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“Hi, I’m Cynthia Hawkins. I have a 4 pm appointment with Dr. Andrews.”
No, I’m not really Cynthia Hawkins. She’s my mystery shopper persona. Have you ever tried to call yourself by another name? It takes some practice, but in this situation, it was going to be a great learning experience for the practice, the team and myself.
Sheila went undercover for this visit, not wearing her usual clothing or makeup.
Baby is my feline cohort in this secret shopper escapade. She’s a senior feline with a kind personality and a fine example of oozing feline condescension. The goal of this exercise was to review client service, execution of protocols, efficiency and effectiveness, and then compare the perception of the team and practice owners to reality.
Before I get to my real secret shopper experience—and how this real practice did under my critical eye—let’s look at my five criteria for judging:
1. Pre-visit interaction
2. Introduction to the exam room
3. Veterinary technician time
4. Veterinarian visit
Now let’s see how this practice did. (Yes, the names have been changed to protect the innocent…or guilty.)
1. Pre-visit interaction
Most people get their first big impression of a practice on the phone. I’m always looking to see how I’m treated when I set up an appointment and whether the call greeting is standardized (a big thumbs-up in my book).
In this case, I called three times and hung up twice to check. “Hello, thank you for calling Brennan Veterinary Hospital. This is Autumn. How can I help you?” And, in all three calls, I could hear the smile in her voice. Pleasant, cordial and welcoming: a nice start by the receptionists.
After listening to the description of my cat’s needs, but not completely sure of what I need, Autumn demonstrated she was listening by:
> Using my name and my pet’s
> Paraphrasing perfectly what I had stated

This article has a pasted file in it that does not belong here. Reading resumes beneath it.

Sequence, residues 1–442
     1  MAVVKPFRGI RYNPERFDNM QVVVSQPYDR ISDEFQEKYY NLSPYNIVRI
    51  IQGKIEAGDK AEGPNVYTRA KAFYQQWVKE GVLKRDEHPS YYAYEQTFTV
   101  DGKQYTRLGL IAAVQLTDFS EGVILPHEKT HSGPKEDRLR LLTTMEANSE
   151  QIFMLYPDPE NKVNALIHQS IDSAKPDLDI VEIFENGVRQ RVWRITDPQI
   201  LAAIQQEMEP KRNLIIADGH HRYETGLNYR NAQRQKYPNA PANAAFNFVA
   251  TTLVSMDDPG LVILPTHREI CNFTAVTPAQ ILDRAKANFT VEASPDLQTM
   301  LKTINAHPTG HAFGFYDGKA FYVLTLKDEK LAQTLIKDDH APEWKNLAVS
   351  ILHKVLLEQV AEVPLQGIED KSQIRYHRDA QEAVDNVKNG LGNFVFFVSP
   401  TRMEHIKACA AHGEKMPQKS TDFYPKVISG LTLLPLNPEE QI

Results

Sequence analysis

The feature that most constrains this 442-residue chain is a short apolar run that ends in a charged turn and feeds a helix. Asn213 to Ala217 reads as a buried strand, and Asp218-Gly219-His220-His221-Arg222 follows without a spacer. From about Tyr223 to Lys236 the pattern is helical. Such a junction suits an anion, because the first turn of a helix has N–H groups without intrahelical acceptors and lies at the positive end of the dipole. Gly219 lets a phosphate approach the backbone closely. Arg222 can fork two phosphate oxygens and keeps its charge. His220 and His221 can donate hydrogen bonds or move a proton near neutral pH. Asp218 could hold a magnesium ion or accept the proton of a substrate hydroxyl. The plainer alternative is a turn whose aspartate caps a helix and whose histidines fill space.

> Smoothly transitioning the conversation toward a recommendation to bring my cat into the practice.
Autumn gave me two possible times for appointments. She then reinforced that Dr. Wonder loves cats and that everyone will look forward to seeing me on Thursday. Autumn even thanked me for calling. I was feeling pretty good right now.
Pre-visit interaction score: 18 of 20. Excellent.
What would it take to get a 20 out of 20? Two things:
> Offer an online website with information to read in advance on how to get the most out of my visit to Brennan Veterinary Hospital. Tell me on the phone or email me (yes, get my email address over the phone).
> Remind me of the name of the receptionist and that you will be there Thursday, looking forward to meeting me and my kitty, Baby.
2. Introduction to the exam room
I arrived 20 minutes early to see what the front-desk team would do with someone that far in advance. As I walked in, the receptionist stood and welcomed Baby and me to the practice. Her body language and facial expression made it seem like I was the most important person in the building.
When she reviewed the check-in information, I was immediately shown to an exam room despite the fact I was early. There was not a word of, “You’re early and we aren’t ready.” It was easy to see that they were very busy, but every team member I met was pleasant, professional and never appeared to be rushing me or the appointment. In three minutes, I was in the exam room and the receptionist let me know that she would advise the team of my arrival and the technician, Kristy, would be in shortly.
Exam-room introduction score: 18 of 20. Excellent, with a professional, timely and cordial transition to the exam room.
What would make it a 20?
> The practice knew I was coming in with a senior cat. What if I was shown information on cats and senior cats to review in the exam room? What if a convenient QR code could send me on my phone through a virtual tour outlining services and the history of the practice?
> A display in the exam room could show videos to entertain, educate and keep me from constantly looking at my watch. (Have you checked out the wonder of Apple TV or ChromeCast? Create your very own selection of media content in an easy and cost-effective way.)
> Offer beverages in the reception area or exam room. (I was offered a bottle of water or coffee by the veterinary technician after she completed the initial history.)